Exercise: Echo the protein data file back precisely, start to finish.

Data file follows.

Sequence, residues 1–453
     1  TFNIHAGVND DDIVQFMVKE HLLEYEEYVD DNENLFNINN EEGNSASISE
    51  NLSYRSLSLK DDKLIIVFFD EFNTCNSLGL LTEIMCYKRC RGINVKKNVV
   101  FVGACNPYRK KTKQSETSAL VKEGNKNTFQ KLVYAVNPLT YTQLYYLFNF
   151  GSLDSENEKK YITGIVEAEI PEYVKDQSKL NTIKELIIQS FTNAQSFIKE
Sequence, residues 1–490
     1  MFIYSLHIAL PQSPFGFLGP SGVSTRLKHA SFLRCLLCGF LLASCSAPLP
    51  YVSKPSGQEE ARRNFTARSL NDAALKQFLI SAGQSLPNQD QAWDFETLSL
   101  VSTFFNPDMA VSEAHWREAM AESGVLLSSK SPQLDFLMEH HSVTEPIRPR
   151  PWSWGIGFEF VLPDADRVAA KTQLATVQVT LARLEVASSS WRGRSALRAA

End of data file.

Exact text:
Sequence, residues 1–453
     1  TFNIHAGVND DDIVQFMVKE HLLEYEEYVD DNENLFNINN EEGNSASISE
    51  NLSYRSLSLK DDKLIIVFFD EFNTCNSLGL LTEIMCYKRC RGINVKKNVV
   101  FVGACNPYRK KTKQSETSAL VKEGNKNTFQ KLVYAVNPLT YTQLYYLFNF
   151  GSLDSENEKK YITGIVEAEI PEYVKDQSKL NTIKELIIQS FTNAQSFIKE
Sequence, residues 1–490
     1  MFIYSLHIAL PQSPFGFLGP SGVSTRLKHA SFLRCLLCGF LLASCSAPLP
    51  YVSKPSGQEE ARRNFTARSL NDAALKQFLI SAGQSLPNQD QAWDFETLSL
   101  VSTFFNPDMA VSEAHWREAM AESGVLLSSK SPQLDFLMEH HSVTEPIRPR
   151  PWSWGIGFEF VLPDADRVAA KTQLATVQVT LARLEVASSS WRGRSALRAA